"The Britten Sinfonia is one of the brightest groups on
the current British musical scene" (Gramophone) and was
described by the Radio Times as "an all star orchestra".
It features a collection of the country's most talented and
creative musicians, many with solo careers. Pauline Lowbury
leads the orchestra and the wind section is made up of players
from the Haffner Wind Ensemble including oboist Nicholas Daniel.
Under Artistic Director Nicholas Cleobury, the Britten Sinfonia
has collaborated with other young musical talent, including
Guy Johnston, Joanna MacGregor and Ian Bostridge with whom the
orchestra made its Prom debut to great acclaim in August 1999.
Since its formation in 1992 the Britten Sinfonia has developed
strong links with the East of England, establishing residencies
in Cambridge, Chelmsford, Norwich and Luton. In addition, the
orchestra performs at many major UK Festivals and venues, and
broadcasts frequently on BBC Radio 3 and Classic FM. A programme
of workshops, pre-concert activities, coaching and children's
concerts run by the Education Department underpins the orchestra's
dedication to introducing music to new audiences. The Education
Department has just established a network of out of school concert
clubs for young people in its resident areas.
The Britten Sinfonia pursues an artistic agenda committed
to broadening the music traditionally associated with orchestras.
Their ground-breaking series Frank Zappa and the Fathers of
Invention was followed by performances of music by Gil Evans
and Miles Davis, and a UK Tour in collaboration with Django
Bates and his jazz group, Human Chain. This dedication to
new music has also led to premières composers such
as David Matthews, Philip Cashian, Django Bates, Aaron Jay
Kernis, Roxanna Panufnik, Ray Davies of the Kinks, Nitin Sawhney
and the orchestra's Composer in Association, John Woolrich.
Performances in 2001 included two concerts at the Edinburgh
International Festival, with the Scottish première
of James MacMillan's Parthenogenesis, conducted by the composer,
and works by Stuart MacRae. There were also two BBC Proms
appearances with Stravinsky's A Soldier's Tale and a concert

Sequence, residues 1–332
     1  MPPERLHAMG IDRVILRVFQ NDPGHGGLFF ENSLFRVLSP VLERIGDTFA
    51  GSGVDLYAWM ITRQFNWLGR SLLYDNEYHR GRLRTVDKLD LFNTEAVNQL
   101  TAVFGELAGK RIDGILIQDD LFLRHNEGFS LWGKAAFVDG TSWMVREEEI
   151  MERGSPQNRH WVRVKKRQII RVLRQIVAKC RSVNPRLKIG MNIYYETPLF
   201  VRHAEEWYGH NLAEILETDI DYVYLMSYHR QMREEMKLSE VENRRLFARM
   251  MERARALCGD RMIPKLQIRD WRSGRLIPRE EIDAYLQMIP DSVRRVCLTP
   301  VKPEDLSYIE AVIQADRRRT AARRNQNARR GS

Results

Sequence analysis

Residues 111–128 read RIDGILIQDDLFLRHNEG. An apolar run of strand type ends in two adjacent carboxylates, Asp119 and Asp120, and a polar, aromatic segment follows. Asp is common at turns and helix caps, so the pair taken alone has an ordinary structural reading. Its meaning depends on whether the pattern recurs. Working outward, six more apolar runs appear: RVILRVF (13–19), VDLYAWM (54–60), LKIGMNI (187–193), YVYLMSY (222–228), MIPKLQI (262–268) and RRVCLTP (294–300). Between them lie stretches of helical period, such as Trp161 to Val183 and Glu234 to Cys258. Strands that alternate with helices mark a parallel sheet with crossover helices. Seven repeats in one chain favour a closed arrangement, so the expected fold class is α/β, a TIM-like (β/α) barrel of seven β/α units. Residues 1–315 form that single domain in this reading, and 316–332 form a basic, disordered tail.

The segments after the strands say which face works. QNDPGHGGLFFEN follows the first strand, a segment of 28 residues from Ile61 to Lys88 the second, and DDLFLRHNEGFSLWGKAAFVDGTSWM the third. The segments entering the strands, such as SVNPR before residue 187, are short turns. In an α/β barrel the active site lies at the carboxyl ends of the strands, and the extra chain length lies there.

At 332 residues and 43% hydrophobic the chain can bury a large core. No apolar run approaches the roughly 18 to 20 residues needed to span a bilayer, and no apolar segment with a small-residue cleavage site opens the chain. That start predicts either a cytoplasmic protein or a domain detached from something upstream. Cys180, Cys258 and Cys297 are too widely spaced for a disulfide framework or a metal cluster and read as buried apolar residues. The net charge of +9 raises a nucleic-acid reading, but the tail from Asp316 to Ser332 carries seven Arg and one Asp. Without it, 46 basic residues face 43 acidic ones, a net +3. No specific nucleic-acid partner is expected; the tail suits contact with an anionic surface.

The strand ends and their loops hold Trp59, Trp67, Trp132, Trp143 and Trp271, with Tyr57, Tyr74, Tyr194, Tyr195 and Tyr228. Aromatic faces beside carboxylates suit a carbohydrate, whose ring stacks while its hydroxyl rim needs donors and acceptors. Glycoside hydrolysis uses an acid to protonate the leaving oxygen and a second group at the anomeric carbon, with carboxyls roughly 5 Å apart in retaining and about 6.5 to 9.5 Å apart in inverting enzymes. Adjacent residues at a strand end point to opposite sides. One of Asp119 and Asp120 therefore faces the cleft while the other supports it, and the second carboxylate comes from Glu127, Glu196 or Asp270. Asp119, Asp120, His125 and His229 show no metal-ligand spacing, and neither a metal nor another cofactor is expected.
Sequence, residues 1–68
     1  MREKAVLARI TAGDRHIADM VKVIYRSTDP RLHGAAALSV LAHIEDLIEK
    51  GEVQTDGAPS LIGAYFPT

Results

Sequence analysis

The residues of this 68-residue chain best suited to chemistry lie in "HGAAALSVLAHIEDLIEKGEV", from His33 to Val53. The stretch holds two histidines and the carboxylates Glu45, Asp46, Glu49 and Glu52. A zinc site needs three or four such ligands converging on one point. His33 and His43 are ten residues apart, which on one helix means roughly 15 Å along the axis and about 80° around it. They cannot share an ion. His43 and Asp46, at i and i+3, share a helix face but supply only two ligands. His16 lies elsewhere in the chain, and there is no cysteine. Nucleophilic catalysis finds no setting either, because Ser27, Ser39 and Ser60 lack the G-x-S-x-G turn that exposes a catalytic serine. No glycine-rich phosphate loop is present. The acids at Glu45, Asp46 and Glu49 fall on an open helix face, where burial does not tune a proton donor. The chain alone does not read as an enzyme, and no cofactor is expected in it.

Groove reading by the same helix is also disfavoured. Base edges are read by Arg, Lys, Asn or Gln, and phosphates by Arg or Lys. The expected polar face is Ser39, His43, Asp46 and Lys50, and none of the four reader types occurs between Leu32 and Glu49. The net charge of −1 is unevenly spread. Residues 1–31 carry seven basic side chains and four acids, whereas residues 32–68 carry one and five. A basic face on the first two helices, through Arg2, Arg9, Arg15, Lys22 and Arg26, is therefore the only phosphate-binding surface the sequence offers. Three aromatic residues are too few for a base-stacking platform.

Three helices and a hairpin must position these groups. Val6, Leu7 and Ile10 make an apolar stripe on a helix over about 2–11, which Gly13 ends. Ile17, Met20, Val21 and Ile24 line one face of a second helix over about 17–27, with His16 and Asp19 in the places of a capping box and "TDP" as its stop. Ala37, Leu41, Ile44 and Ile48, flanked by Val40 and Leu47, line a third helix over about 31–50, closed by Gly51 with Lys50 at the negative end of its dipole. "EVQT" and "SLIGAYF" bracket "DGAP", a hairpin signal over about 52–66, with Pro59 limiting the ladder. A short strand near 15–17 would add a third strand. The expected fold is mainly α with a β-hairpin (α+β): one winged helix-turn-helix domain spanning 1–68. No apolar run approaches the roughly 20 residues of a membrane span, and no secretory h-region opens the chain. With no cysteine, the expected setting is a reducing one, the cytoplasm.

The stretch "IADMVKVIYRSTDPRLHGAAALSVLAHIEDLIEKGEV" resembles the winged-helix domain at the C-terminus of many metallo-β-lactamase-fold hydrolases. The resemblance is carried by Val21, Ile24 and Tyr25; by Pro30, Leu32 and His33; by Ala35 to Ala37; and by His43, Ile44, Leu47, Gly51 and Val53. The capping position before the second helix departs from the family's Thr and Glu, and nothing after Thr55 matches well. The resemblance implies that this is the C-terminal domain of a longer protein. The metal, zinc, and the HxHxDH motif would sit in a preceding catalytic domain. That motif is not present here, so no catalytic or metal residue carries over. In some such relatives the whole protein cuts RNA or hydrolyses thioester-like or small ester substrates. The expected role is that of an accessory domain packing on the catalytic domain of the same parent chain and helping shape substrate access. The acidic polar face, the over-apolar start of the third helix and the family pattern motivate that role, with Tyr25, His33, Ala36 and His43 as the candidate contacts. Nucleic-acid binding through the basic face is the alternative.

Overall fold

with Ian Bostridge. The Britten Sinfonia's 10 date UK tour,
Light and Shade, was particularly praised by both audiences
and critics. Directed by pianist Joanna MacGregor, it included
music by Schnittke, Lou Harrison and the first orchestral
work from Nitin Sawhney. The tour was featured on LWT's The
South Bank Show in December 2001.
This year's activities are no less varied. On 18 April in
Cambridge, boundaries between music and film are blurred in
a ground-breaking project, Building Music, with digital artists,
architects and composer John Woolrich. In May the acclaimed
pianist Angela Hewitt directs the orchestra in Bach and Mozart
concerti, touring to the Norfolk & Norwich Festival, St.
John's Smith Square, London and the International Orchestral
Series at Edinburgh's Usher Hall. In October, the Britten
Sinfonia's 10th anniversary season heralds the beginning of
a regular concert series in Cambridge and Norwich featuring
artists such as Joanna MacGregor, Evelyn Glennie, James MacMillan
and the BBC Singers, with many of these concerts repeated
elsewhere in the UK and overseas.
The Britten Sinfonia's discography boasts acclaimed recordings
of Britten's Our Hunting Fathers with Ian Bostridge under
Daniel Harding and a Gramophone Award winning disc of the
Strauss Horn Concerti with David Pyatt for EMI. Other recordings
that have garnered critical praise include Frank Bridge's
Suite for Strings and two discs of Mozart's wind concerti
for the Classic FM Full Works label. 'Neural Circuits', a
live recording from the orchestra's 2001 tour with Joanna
MacGregor, will be released on the Sound Circus label in May.
For further information about the Britten Sinfonia please
contact us on 01223 300795 or visit our website www.brittensinfonia.co.uk